Most surveys of those who have left the Church in Korea show that Confession (the Sacrament of Reconciiation) has been their biggest stumbling block. A detailed study made by Catholic Peace Broadcasting, the Peace Weekly and the Future Research Institute confirmed the survey results: The requirement to go to Confession is seen as a burden to many Catholics.
Personal obstacles such as work, school, and doubts about the Church would be the reasons often cited in most surveys. But when we look at the obstacles that stem from the organization of Catholicism itself, Confession would be cited as the most important reason for leaving the Church, followed by meaningless liturgies, being hurt by members of the community, too many financial burdens, poor sermons, the Church having little influence in society, and the bad example of clergy.
Two similar surveys in Seoul and Suwon had the same results. Combining personal and Church-related reasons for leaving the Church, most indicated that being too busy was the most important reason, next in importance was Confession. In another survey, when asked what can the Church do to facilitate their return, answered: make Confession less of a burden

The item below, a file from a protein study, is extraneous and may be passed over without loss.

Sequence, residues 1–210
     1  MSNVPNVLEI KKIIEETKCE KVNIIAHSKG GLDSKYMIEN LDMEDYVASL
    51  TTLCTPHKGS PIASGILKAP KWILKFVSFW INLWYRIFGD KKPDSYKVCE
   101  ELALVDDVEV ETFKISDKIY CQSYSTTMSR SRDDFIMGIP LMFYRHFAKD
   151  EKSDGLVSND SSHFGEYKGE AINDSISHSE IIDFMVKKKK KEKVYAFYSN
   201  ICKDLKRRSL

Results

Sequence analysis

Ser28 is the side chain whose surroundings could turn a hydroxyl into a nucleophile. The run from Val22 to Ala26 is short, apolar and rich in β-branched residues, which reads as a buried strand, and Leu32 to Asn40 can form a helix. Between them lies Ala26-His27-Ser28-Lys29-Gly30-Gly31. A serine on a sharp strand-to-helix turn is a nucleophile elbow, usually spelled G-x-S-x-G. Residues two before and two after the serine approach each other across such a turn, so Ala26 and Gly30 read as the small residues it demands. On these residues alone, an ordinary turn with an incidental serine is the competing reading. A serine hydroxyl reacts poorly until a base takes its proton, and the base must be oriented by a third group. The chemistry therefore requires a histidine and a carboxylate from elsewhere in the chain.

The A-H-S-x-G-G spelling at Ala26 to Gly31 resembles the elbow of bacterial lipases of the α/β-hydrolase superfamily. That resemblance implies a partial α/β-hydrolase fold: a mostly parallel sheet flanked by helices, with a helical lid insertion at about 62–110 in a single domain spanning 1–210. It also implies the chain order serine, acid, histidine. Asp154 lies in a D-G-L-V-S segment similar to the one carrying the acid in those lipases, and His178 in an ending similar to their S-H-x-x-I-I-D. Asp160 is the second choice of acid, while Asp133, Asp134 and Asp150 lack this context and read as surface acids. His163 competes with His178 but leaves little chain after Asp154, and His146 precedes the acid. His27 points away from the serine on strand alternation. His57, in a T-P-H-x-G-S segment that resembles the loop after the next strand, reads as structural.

In Korea if you go three years without confession you would be considered tepid statistically. In many parishes, twice a year a ticket is given to Catholics and returned when they have gone to confession, placing it in a basket in the confessional. According to Church teaching, frequent confessions are recommended but there is no obligation to go to confession if one is not in serious sin. This is a teaching that is not well understood, but it is part of our Catholic tradition and Church law (Code of Canon Law #989).
Although Confession, being the Sacrament of Reconciliation, should be a consolation and settling of accounts, we have learned mostly from the survey results that many of our Catholics consider it a great burden. The Catholic Weekly, in a recent article on this subject, mentions that many who are not in the state of grace and not prepared to go to confession stay away from Church. Furthermore, many who are in the habit of sin find that going to confession is meaningless, so they also stop going to Mass; they do not feel they can break the habit of sin. The article mentions that the teaching on Confession has not always been good, nor have our Catholics understood it correctly.
Can the Church make it easier to go to Confession? Some attempts have been made to lessen the burden. However, the difficulties of going to Confession are also a blessing for those who can overcome the difficulties; they may come from an incomplete understanding of sin and the difference between confessions of devotion and of obligation. With more clarity on the essential nature of Confession, what is now seen as a burden might be seen as an opportunity for self-renewal, a second baptism.